"Rape keeps everyone in a state of fear... Men have to worry about their sisters, their mothers, their girlfriends, and they are painfully aware that most women do not trust them... The fear of sexual assault changes our lives, when we can go places, who we can talk to, where we walk, study and live. We are constantly taking precautions that most men will never even have to consider."

A woman said that at age 15 she was raped by her best friend's older brother. "She was my best friend, and she knew, and she never did anything. ... We actually weren't friends after that because she couldn't talk to me about it and she didn't want it to be true." She said that before the incident, they had been like sisters.

Tasha Walker said that she dated this all-American type guy, football player. "At first he was really controlling... I wasn't allowed to wear skirts at all, I couldn't wear makeup. If I picked my head up in public I would get slapped for it. If I said hi to one of my guy friends, I would get slapped for it. I got my skull fractured because I wanted to do my homework rather than spend time with him. ...When I did break up I didn't get too far" she said, because it was a small school. When the man came and tried to break down her door, her mother called security, but they didn't do anything, she said. But the school put her under house arrest for two weeks. "I wasn't allowed to leave the dorm for two weeks" she said. "Me, the victim."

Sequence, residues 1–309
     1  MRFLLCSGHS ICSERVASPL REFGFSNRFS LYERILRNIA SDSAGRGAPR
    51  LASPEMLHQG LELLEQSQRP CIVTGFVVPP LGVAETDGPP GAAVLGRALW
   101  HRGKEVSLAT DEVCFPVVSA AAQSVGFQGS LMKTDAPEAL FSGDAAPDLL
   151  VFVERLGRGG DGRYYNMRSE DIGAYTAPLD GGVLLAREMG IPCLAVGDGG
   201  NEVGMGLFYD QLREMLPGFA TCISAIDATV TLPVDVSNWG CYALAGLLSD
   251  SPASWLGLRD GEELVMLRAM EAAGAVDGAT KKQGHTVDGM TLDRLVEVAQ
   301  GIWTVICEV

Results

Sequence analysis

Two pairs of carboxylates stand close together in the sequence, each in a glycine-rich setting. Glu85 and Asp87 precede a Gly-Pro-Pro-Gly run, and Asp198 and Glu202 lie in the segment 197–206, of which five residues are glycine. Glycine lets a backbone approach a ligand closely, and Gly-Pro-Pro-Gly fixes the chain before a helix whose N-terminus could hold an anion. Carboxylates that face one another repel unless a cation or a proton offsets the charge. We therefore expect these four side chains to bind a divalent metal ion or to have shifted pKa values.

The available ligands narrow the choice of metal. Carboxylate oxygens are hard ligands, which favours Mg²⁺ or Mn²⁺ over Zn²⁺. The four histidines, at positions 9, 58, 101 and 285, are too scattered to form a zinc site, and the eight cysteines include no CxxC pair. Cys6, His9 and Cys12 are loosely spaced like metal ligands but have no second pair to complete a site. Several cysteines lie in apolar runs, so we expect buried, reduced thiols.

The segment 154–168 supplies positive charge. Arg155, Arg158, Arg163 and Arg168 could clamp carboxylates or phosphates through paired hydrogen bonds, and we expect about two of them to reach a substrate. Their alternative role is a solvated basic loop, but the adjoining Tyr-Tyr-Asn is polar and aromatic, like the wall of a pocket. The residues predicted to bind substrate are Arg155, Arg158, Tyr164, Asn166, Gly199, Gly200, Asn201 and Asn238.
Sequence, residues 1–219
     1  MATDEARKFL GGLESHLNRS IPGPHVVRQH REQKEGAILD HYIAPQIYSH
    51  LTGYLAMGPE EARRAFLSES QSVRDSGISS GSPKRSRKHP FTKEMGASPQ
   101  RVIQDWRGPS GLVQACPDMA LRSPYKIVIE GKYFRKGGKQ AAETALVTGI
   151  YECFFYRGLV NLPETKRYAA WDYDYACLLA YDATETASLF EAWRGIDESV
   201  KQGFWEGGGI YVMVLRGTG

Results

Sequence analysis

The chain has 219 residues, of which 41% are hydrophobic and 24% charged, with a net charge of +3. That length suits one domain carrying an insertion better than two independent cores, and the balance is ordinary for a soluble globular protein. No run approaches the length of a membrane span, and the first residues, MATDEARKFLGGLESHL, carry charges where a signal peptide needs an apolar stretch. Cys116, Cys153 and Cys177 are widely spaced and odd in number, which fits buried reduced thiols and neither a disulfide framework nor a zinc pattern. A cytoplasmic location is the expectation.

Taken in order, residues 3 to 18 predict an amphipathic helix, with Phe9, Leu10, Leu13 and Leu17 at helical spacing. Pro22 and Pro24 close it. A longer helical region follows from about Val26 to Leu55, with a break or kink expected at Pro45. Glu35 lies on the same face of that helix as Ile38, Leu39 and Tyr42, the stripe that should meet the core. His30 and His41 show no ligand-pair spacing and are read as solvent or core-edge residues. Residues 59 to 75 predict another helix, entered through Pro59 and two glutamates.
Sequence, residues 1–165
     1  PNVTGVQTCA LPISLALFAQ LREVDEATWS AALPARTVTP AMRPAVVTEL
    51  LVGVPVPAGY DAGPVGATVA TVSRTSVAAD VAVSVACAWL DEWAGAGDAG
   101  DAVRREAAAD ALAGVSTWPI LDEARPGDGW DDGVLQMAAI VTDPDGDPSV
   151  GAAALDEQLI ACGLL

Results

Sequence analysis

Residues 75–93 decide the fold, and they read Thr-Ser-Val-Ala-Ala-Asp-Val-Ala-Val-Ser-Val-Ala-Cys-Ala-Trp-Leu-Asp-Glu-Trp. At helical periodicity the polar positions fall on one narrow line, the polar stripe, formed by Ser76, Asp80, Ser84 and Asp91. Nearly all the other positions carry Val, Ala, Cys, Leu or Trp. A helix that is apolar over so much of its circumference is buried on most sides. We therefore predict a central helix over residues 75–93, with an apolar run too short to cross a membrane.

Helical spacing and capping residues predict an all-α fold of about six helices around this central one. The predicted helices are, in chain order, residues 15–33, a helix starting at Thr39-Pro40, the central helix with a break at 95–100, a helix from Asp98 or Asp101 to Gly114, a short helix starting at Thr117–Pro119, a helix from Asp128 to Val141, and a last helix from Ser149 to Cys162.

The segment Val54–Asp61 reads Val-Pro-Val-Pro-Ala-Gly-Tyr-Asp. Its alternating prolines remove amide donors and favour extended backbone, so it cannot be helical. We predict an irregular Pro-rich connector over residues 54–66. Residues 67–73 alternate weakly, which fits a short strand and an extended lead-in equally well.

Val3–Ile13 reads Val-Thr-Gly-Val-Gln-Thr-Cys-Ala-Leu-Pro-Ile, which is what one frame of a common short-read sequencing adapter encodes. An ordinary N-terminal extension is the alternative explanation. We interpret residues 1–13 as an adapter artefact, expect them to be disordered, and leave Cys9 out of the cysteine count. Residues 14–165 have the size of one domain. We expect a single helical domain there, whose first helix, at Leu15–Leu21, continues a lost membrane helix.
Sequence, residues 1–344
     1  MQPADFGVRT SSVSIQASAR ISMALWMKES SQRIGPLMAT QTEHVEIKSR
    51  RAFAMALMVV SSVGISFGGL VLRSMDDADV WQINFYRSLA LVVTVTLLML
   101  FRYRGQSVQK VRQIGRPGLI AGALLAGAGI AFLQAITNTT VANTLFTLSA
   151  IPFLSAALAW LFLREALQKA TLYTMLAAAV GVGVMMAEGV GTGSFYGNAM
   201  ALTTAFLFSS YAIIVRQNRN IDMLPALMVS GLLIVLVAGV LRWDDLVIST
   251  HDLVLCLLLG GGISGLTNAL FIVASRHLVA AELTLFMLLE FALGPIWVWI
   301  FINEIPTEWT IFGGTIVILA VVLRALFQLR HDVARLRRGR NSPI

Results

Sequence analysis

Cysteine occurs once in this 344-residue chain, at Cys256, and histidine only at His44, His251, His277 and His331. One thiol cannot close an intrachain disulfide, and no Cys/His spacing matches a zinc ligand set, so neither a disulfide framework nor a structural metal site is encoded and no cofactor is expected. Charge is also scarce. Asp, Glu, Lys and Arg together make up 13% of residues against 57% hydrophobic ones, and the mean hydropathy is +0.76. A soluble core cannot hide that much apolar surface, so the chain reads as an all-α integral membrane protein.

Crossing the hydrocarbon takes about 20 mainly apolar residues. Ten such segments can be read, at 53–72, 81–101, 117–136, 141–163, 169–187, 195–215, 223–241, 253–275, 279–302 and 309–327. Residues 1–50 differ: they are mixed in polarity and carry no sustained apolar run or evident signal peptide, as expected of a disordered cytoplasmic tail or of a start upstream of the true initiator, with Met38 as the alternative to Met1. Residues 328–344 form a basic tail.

"I'm a strong person, nobody could believe that this was happening to me. But it's not as easy as it looks to get away... If you have a friend in that situation, keep supporting them."

Amber, a member of Campus NOW, said that her boyfriend undermined her sense of self "By making fun of my body or my intelligence." After she broke up with him, he only stopped harassing her because he moved away to college.

A woman who testified that she was sexually abused by her prominent politician father for two years from age 8 stated that every time she tells someone about her experience, male or female, they tell her that they had a similar experience. She said that while her father was convicted of abusing her, he didn't spend much time in jail.

A testifier who, as a child, watched her dad beat up her mom talked about how hard it was for her mother to leave. After she did leave, the man harassed the family, stalked them, tried to steal her and her sister away. "He would break through windows and when my mom tried to press charges, the cops persuaded her not to. And they found all these lame excuses, like it was Saturday, and for some reason it was difficult to press charges on a Saturday. I just want to make the point that the police aren't cooperative."